This post explores how the Data Version Control (DVC) tool can enhance the efficiency and organization in designing LLM applications, using a Retrieval-Augmented Generation (RAG) chatbot as an example. This chatbot uses the RAG approach for its computational efficiency, provides cited sources for its answers, and leverages DVC features such as rollback capability, preventing redundant computations, and visual representation through a Directed Acyclic Graph (DAG).
In the modern world of Machine Learning (ML) and Natural Language Processing (NLP), there's been a surge in applications built on top of Large Language Models (LLMs). There has been an almost exponential adoption in applications and companies building applications from LLMs across a variety of areas.
In this post we will show how DVC can make designing LLM applications more efficient and organized. We take a Retrieval-Augmented Generation (RAG) approach and illustrate how we can break down the various phases of a RAG chatbot and version them with DVC. We can use DVC to both "time travel" and avoid the need to re-compute stages unnecessarily with little extra effort.
Chatbots are finding a natural fit in providing technical advice. For our product, DVC, which has amassed significant popularity, we've introduced a chatbot designed to streamline user experience. Our bot sources information not just from our official documentation but also from our community discussions on Discord. This creates a broader knowledge base than using our official documentation alone, and ensures a balanced mix of official guidelines and community insights.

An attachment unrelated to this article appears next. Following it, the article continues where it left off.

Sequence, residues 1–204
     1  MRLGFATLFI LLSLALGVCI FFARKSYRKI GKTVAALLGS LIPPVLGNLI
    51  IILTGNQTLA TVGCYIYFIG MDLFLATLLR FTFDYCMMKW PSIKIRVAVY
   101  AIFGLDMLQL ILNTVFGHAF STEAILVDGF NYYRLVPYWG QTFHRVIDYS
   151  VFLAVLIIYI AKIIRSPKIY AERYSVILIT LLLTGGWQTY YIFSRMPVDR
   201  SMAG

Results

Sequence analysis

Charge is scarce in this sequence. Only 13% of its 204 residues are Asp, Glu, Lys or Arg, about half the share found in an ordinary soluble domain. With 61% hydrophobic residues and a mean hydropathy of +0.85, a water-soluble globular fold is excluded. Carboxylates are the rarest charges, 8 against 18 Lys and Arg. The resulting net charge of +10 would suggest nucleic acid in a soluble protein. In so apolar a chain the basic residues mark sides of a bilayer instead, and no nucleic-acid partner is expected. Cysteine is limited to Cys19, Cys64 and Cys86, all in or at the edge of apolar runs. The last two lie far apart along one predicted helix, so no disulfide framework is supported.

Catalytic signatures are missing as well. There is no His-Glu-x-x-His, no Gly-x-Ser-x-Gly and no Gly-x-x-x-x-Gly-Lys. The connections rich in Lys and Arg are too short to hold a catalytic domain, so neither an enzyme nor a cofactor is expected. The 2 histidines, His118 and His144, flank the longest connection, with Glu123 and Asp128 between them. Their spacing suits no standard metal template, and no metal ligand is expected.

Our chatbot uses the Retrieval-Augmented Generation (RAG) approach. The debate between the efficacy of RAG vs. fine-tuning methods is ongoing and lively. However, our choice leans towards RAG due to its simplicity and relative computation efficiency for quickly iterating on different approaches.
Illustration of the RAG approach: First we build a vector database with chunks of text. After we retrieve chunks relevant to the user query from the vector database, we insert those chunks into the prompt to give the LLM context.
A common complaint about chatbots is that they do not cite any sources, which leaves users with few avenues to validate the information provided by the chatbot.